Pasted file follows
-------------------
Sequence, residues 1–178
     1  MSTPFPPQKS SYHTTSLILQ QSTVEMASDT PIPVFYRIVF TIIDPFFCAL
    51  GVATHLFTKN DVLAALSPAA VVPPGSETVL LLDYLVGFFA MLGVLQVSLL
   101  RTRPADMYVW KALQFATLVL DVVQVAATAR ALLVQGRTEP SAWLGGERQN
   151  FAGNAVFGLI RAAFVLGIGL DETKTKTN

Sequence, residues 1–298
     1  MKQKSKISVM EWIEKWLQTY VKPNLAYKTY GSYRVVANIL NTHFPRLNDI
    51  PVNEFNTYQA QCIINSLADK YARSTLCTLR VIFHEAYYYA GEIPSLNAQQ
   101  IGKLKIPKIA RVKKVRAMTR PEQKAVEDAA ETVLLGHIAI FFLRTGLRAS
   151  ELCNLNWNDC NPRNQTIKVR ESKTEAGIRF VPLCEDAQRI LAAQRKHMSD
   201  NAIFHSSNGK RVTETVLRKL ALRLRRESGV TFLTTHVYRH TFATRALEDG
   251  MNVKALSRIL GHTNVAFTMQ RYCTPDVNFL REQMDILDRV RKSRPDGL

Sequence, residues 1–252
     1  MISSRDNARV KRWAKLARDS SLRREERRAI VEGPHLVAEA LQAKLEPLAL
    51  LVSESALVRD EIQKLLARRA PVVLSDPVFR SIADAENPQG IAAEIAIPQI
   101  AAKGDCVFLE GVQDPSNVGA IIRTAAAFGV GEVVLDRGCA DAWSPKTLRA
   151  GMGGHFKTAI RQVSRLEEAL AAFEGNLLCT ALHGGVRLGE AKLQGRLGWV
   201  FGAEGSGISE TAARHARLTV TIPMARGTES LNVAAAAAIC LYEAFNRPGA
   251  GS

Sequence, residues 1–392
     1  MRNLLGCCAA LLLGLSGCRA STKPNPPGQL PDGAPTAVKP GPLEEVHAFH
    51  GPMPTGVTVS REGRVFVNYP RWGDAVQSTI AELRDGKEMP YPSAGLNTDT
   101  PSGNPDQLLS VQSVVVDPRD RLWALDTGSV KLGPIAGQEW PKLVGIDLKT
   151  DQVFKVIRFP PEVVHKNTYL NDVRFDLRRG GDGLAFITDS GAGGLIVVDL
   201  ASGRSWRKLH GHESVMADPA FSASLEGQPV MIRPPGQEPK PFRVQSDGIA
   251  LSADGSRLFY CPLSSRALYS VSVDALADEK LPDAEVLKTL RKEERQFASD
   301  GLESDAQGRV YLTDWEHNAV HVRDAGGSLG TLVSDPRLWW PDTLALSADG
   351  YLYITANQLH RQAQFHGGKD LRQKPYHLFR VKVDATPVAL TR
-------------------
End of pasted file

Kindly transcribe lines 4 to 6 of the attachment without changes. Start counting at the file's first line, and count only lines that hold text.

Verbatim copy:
   101  RTRPADMYVW KALQFATLVL DVVQVAATAR ALLVQGRTEP SAWLGGERQN
   151  FAGNAVFGLI RAAFVLGIGL DETKTKTN

Sequence, residues 1–298